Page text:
posted by three blind mice at 3:50 AM on September 29, 2011 [3 favorites]

Three blind mice has a good point about the size of a glass of wine-- for both your health and the calories. Many restaurants now pour "glasses" of wine that are actually 2 or more servings. Does your wine bottle make 5-6 glasses of wine? That's about normal. Does it make more like 3-4? You're getting quite a bit of alcohol per night.

But the real questions is how you feel. It sound like you need the wine or the medicine to help you sleep (because the yoga sounds like it's rare). Needing something like that can feel scary, at least to me. It might be a sign that you should start addressing the underlying causes. Even if that means tough conversations at work, or starting to search for a new job.
posted by ohio at 5:04 AM on September 29, 2011 [1 favorite]

three blind mice is right. It's not a moral issue, but one of health and considering whether your alcohol use is exacerbating your stress. I am pretty much an average sized male, and I can tell you that if (when) I drank that amount of alcohol for an extended period (starts around a week), I ended up worse off. Sleep quality suffered and I was more stressed out and depressed feeling during the day.

A family member has been drinking at approximately that rate for most of her life. If I am on the phone with her, I can literally hear her getting stupider from the first glass. She is clearly dependent on it, and it is incredibly frustrating.

So look at the long term. It seems like you are approaching the threshold of dependence, and that's not fun.

There are no rules of thumb or signs for substance abuse. Well, there is one: looking for rules of thumb to justify or constrain behavior.

As for stress, a great deal of it is not in the actual events that are happening, but in one's mindset toward it. When a troublesome event occurs, what's your immediate reaction? Probably something like "oh, ffs, not again"? Change that. If there is too much to do, give up the things you can control to make room for the things you can't control.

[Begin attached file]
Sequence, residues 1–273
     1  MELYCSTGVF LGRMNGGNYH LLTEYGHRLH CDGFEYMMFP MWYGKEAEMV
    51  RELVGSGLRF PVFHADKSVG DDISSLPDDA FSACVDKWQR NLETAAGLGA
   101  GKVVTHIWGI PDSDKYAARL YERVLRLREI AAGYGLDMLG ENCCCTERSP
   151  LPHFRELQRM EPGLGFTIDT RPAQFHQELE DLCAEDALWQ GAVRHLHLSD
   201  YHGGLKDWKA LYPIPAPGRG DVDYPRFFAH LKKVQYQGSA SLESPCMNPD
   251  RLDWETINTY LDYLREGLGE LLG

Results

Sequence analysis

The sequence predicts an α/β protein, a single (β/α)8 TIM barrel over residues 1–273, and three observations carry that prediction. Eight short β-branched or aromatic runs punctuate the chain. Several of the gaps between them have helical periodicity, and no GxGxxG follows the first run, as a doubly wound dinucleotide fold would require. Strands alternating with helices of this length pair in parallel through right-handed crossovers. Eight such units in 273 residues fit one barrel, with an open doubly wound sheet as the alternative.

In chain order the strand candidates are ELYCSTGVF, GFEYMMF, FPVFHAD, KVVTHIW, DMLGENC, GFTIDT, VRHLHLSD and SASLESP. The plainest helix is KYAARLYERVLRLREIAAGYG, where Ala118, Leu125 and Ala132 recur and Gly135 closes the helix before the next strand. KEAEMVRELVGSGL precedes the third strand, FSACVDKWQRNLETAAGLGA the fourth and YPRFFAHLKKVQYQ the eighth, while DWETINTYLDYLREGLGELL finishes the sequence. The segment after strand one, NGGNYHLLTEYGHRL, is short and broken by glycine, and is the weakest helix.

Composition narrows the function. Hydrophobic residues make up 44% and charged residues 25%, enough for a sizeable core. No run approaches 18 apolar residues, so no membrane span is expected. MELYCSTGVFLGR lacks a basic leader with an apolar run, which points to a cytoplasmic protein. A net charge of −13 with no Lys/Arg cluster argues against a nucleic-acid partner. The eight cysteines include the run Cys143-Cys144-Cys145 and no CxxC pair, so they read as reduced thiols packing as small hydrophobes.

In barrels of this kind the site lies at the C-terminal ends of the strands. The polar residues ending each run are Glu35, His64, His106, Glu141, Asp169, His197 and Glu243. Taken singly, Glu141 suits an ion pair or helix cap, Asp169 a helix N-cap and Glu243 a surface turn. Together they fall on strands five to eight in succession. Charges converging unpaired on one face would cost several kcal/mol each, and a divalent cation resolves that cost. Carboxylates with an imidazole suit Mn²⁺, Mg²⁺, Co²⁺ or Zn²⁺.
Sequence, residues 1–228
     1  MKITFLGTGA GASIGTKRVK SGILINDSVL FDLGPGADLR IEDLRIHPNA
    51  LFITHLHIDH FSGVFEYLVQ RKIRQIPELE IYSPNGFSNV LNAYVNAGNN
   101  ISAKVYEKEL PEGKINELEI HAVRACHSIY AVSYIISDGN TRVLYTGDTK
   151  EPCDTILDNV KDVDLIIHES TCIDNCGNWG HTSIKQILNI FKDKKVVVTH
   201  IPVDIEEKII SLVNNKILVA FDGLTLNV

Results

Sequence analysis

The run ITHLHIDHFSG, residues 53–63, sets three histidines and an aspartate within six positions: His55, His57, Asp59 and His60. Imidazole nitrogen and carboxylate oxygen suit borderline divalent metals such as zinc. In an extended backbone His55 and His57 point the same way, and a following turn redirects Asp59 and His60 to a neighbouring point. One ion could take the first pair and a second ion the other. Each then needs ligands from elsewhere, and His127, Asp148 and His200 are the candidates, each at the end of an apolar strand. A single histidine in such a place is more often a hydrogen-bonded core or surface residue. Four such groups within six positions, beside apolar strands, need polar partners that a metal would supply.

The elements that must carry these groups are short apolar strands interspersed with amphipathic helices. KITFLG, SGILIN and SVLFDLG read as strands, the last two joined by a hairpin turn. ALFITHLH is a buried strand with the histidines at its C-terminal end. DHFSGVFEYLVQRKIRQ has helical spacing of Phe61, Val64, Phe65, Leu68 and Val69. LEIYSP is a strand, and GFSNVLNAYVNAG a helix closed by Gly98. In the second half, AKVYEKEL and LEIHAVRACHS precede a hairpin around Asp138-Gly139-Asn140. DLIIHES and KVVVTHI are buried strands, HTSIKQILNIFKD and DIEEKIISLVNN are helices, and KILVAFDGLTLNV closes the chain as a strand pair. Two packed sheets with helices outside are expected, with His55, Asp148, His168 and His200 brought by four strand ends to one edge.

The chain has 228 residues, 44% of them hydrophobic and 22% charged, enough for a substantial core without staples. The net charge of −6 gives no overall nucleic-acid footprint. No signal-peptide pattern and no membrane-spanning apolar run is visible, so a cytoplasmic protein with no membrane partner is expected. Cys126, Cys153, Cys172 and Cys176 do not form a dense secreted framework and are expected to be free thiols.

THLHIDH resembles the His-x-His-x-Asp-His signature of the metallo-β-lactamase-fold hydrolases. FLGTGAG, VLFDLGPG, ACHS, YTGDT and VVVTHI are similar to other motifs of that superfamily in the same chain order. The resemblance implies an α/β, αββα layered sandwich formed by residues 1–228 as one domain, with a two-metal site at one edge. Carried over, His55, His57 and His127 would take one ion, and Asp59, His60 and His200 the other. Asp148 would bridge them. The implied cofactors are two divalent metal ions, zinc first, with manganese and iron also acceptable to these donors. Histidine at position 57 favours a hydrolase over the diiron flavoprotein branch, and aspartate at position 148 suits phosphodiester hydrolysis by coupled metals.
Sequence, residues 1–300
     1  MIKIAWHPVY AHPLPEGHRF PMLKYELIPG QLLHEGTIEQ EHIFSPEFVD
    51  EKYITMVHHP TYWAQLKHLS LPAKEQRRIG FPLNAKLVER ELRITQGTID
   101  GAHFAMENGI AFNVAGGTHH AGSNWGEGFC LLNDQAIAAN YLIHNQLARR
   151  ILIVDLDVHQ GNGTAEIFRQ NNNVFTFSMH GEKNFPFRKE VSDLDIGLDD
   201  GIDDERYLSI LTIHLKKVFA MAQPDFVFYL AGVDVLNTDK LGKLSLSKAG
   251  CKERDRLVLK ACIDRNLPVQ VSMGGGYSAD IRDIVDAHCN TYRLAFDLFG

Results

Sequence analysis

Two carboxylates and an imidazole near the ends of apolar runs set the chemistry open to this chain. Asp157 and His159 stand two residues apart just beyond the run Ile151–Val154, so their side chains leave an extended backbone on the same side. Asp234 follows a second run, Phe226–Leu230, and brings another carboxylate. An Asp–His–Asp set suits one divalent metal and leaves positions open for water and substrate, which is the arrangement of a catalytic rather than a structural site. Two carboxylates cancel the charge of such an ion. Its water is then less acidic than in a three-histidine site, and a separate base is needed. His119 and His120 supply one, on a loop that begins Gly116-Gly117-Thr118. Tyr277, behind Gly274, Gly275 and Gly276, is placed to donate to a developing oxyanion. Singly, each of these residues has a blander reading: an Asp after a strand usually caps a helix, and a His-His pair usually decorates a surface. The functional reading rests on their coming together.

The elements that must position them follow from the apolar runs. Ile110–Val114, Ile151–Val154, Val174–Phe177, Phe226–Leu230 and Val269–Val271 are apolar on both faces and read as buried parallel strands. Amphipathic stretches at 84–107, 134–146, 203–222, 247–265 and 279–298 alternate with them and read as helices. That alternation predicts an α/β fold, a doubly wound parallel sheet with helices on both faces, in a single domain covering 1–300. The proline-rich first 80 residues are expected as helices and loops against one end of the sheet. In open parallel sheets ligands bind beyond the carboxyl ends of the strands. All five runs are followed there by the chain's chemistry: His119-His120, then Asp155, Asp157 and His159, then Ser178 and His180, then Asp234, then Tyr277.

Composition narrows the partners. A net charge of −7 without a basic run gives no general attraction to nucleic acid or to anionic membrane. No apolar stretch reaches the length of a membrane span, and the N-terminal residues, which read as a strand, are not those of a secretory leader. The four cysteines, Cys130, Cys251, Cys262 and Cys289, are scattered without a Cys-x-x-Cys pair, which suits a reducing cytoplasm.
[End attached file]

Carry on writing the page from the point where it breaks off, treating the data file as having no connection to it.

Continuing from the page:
posted by gjc at 6:24 AM on September 29, 2011 [1 favorite]

My father drank a glass of wine most nights for the majority of his life. My grandfather did the same. They are both 100% italian. My grandfather lived until his mid-80s and was mobile and healthy up until the end.

I myself am more of a beer guy, and will have a beer most night at least during the warmer months. For me, its relaxing and refreshing. If its a hot day and I am sweating in the car ride on the way home. A nice cold beer really does the trick for me.

No harm no foul. If you want, try a week without wine and see how you feel.
posted by amazingstill at 7:39 AM on September 29, 2011

I drink 1-2 glasses of wine/day, usually with dinner, and don't see why it would be a problem. Since I've started doing that I feel like I digest food better when I have wine or beer with it, but it is also a nice transition from work/daytime to evening relaxation. I also try to make sure I finish it a few hours before bed or else I do notice sleep disruption.

Tea before bed is a great idea, I do that every night as well.
posted by fromageball at 7:45 AM on September 29, 2011

I enjoy a bit of booze on a somewhat regular basis, particularly before bed. No shame in my game. Kind of like you, it relieves stress, and grad school + work is fucking stressful!

I also find a walk does wonders, and I do enjoy cannabis regularly as a stress release, and general mental health goodness.
posted by handbanana at 7:53 AM on September 29, 2011

Have you tried melatonin? I personally love the stuff, but it's not to be taken every night. maybe mix it in with your wine / yoga schedule.

I seriously hope you are never mixing the alcohol and the klonopin -- that can have serious repercussions.